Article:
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Page 2: Korg Wavestate

Wave Sequencing Synthesizer By Gordon Reid
Published March 2020

In Use

The look and feel of the Wavestate echoes Korg's Minilogue series. Most noticeably, it's only as wide as its 37 full-sized keys, so its performance wheels are to be found behind the keyboard rather than next to it. Now, I'm a tolerant chap and I'm comfortable finding lightweight 37-note keyboards on low-cost monosynths. I can even live with a lack of aftertouch on low-cost polysynths. (Actually, that's a lie. I can't.) But on a state–of–the–art synth like the Wavestate? That baffles me. I would have been happier with a 61-note pressure-sensitive keyboard or a module, but not a weeny little instrument on which you can't play a decent chord. I accept that not everyone uses synths in the same way, but I'll hark back to an argument that I've made in the past; a small synth satisfies those who need a small synth but, with a few exceptions, a larger one satisfies everyone. Maybe Korg believe that its customers would prefer something that will fit into unfeasibly small spaces but, whatever the reason for this decision, I think that it's a mistake.

The Wavestate's front panel is more Monologue than Wavestation, and the knobs are definitely in the ascendency.The Wavestate's front panel is more Monologue than Wavestation, and the knobs are definitely in the ascendency.

The rest of the physical design is equally curious. I have no problem with plastic cases for modern, low-cost synthesizers because I recognise the benefits in terms of weight and manageability, but this one is odd. For example, the plastic shelf that extends beyond the plate on which the controls are mounted has pyramid-shaped dimples, so it risks being a dust-trap. More to the point, why doesn't the plate cover the whole of the top surface as it does on the Minilogues? And why do Korg's lower-cost synths use protruding Allen bolts to secure their control panels? They may look trendy, but you're going to end up resenting them.

On the bright side, the Wavestate's knobby control panel is a huge step forward from the original Wavestation's programming system, making it possible for players to experiment much more easily and fruitfully. It remains a long way from the 'one function per knob' control surfaces to which virtual analogue synths aspire, and there are still menus to navigate if you want to get the best from the synth but, while the screen is small, the font is large, so I don't envisage any problems. Having said that, a larger screen would have been nice so that you could view the wave sequences as they're depicted in Korg's blurb. Maybe that will eventually appear on a larger model. Until then, deterministic programming will remain a time consuming exercise, albeit a fun one, so I expect that most players will create new sounds by twisting the knobs — especially the extraordinarily white Mod Knobs — and hearing what happens. To be fair, it took me a while to understand the Wavestate fully, so I wouldn't blame anyone for taking this approach. But after a week or three I was whizzing around it with aplomb, programming Wave Sequences that drove sounds ranging from subtly evolving pads to total messes of sonic nonsense. But if you hit a brick wall (not that I would ever admit to that, of course) there's also the prominent Randomise function. To obtain meaningful results from this, you can limit its scope to specific aspects of a sound and choose a maximum amount of randomisation. Having done so, I obtained some rather pleasing results from it that I saved as new Performances. When I didn't like what it generated the original remained unaffected, so no harm was done.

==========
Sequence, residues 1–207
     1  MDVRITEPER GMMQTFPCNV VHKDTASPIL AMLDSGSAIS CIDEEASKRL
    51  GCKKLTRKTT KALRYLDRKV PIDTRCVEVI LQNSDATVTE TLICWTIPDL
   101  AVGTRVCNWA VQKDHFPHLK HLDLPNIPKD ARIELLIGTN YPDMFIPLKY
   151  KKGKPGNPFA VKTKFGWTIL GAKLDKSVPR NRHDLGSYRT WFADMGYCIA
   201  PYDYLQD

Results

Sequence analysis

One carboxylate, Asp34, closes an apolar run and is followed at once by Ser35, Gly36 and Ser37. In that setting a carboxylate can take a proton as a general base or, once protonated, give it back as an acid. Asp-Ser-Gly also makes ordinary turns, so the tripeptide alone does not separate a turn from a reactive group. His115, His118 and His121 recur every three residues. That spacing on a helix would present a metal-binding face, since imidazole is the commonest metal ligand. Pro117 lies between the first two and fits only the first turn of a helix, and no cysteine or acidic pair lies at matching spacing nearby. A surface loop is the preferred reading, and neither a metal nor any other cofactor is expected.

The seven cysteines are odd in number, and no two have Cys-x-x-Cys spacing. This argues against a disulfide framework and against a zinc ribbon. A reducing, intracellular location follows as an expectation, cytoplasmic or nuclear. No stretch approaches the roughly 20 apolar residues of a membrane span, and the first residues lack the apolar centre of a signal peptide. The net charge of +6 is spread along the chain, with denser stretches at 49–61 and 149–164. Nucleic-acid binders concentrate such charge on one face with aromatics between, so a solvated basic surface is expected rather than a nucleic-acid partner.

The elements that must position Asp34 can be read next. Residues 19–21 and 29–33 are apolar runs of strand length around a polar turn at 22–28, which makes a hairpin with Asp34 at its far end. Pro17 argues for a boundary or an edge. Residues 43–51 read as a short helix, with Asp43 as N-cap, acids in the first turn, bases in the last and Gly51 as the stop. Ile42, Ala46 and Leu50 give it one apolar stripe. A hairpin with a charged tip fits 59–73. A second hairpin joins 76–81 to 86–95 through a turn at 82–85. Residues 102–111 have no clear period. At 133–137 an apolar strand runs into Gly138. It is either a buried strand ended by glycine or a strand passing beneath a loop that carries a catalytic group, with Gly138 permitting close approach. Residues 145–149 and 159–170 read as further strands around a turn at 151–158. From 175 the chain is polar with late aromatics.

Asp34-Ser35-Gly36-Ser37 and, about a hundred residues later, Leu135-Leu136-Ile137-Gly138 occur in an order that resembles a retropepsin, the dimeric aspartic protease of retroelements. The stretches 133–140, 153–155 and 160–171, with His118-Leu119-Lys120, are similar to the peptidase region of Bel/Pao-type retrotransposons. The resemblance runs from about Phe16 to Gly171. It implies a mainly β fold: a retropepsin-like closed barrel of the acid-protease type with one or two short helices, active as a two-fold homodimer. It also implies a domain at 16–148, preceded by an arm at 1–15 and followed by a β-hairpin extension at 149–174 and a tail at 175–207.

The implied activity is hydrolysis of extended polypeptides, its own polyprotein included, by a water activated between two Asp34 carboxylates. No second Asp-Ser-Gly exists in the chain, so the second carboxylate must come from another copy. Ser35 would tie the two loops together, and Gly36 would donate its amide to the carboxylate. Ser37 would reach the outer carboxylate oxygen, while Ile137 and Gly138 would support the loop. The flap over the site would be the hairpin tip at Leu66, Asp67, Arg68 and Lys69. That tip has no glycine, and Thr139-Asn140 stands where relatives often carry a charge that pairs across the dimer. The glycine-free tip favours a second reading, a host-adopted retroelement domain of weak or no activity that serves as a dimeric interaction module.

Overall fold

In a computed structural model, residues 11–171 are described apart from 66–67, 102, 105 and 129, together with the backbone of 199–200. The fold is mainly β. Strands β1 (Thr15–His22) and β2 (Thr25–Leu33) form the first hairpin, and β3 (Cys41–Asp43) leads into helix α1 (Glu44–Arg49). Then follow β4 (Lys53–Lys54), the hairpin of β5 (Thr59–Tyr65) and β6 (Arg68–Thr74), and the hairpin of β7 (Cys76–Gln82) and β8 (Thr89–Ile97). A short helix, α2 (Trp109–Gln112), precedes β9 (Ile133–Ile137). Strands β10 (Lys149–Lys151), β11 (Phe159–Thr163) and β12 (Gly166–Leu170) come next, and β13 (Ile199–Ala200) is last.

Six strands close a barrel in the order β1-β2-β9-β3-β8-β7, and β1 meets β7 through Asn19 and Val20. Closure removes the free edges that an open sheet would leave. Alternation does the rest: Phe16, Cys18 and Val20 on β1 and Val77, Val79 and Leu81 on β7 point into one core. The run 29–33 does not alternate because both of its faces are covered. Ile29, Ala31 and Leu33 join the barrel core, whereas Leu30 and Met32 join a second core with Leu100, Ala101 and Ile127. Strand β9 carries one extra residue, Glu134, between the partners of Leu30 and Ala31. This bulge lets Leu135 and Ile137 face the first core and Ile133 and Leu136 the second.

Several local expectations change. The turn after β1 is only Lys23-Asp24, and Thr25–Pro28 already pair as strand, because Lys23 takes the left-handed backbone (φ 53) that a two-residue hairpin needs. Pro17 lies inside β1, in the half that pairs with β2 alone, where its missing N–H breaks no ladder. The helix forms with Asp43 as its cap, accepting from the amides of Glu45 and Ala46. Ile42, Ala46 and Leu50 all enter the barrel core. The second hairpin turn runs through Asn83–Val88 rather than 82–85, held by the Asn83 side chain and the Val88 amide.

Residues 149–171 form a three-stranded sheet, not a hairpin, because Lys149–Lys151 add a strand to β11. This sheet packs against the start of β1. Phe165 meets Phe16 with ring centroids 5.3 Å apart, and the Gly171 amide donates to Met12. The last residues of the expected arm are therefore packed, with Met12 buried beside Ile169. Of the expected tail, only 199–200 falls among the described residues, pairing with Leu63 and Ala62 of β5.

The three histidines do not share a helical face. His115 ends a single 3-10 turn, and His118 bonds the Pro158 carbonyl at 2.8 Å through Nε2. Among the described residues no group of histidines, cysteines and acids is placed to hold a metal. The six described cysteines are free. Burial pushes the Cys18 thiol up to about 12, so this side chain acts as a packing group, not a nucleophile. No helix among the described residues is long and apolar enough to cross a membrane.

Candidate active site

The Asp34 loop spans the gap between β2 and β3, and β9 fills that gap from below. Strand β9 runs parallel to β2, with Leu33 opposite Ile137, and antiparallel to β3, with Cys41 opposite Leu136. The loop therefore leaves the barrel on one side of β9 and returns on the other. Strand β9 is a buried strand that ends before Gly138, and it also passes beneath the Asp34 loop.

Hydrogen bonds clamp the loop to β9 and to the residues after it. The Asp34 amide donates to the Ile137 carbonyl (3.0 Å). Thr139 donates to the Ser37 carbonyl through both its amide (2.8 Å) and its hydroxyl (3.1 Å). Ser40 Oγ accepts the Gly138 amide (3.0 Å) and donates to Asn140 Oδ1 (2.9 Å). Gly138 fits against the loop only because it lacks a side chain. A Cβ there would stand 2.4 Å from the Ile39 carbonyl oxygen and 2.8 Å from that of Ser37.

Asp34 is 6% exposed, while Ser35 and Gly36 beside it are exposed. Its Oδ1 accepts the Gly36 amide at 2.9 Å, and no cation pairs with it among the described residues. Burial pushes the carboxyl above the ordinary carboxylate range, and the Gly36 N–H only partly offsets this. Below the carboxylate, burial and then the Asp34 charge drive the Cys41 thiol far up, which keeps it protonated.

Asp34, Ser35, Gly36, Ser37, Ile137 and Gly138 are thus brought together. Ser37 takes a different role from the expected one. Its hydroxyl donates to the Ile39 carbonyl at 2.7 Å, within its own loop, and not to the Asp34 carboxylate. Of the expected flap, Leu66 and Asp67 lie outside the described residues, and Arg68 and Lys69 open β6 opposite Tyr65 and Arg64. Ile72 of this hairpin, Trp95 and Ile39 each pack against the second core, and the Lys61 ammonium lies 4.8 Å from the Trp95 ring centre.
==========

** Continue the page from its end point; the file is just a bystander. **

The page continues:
The Wavestate is shipped with a substantial library of permanent sounds, with 240 Performances, 740 Programs and 1000 Wave Sequences. In addition to being able to save individual Programs, Wave Sequences and Lanes, there's also room for tens of thousands of new Performances, each including its own Programs, Wave Sequences and Lanes. This means that the perennial problem of adjusting a patch (or Program, or whatever) for the benefit of one Performance and consequently damaging another no longer exists. (Hurray!) You can also place Performances into Set Lists (four banks of 16) for easier access and, again, there's no practical limit to the number of these lists that you can save.

Unfortunately, finding PCMs and Performances on the Wavestate isn't as simple as it could be, in part because there are so many of them, and in part because the system for finding them is far from the most sophisticated I've seen. Korg are promising a dedicated librarian and this will be a welcome addition because, without it, you'll find yourself doing a lot of scrolling. In principle, you can create User Categories to aid selection, but nowhere could I find a way to do so. Perhaps I was being a numpty, but I prefer to believe that there was still some firmware to be written for the review unit.

Wave Sequencing 2.0 is not as daunting as it seems and once I had gotten to grips with it I was able to create sounds that I couldn't obtain from any other synthesizer.

But what of the sounds themselves? In truth, it would be daft to try to encapsulate them in just a few words. From high-quality workstation-style patches, to evolving pads, to vector synthesis using the original VS waveforms, to emulations of wavetable synthesis, to sounds reminiscent of Roland's LAS synthesis, to emulations of analogue synths, to EDM and hardcore beats, through to wave sequences that are almost auto-accompaniments, it's all in there. Sure, it's sometimes not as deep as the Wavestation, and it lacks its predecessor's oscillator sync (which is inevitable given that there's only one wave per Voice) but it can generate a much wider palette of sounds and, perhaps as a consequence of higher sample rates and greater DSP power, it's brighter and sparklier than the Wavestation. It also offers twice the maximum polyphony of the Wavestation, with up to 64 stereo notes if you confine yourself to using a single Layer in a Performance. Alternatively, you can choose a different MIDI channel for each Layer to make the Performance four-part multitimbral, or trade off the use of multiple Layers per sound against multitimbrality as you choose.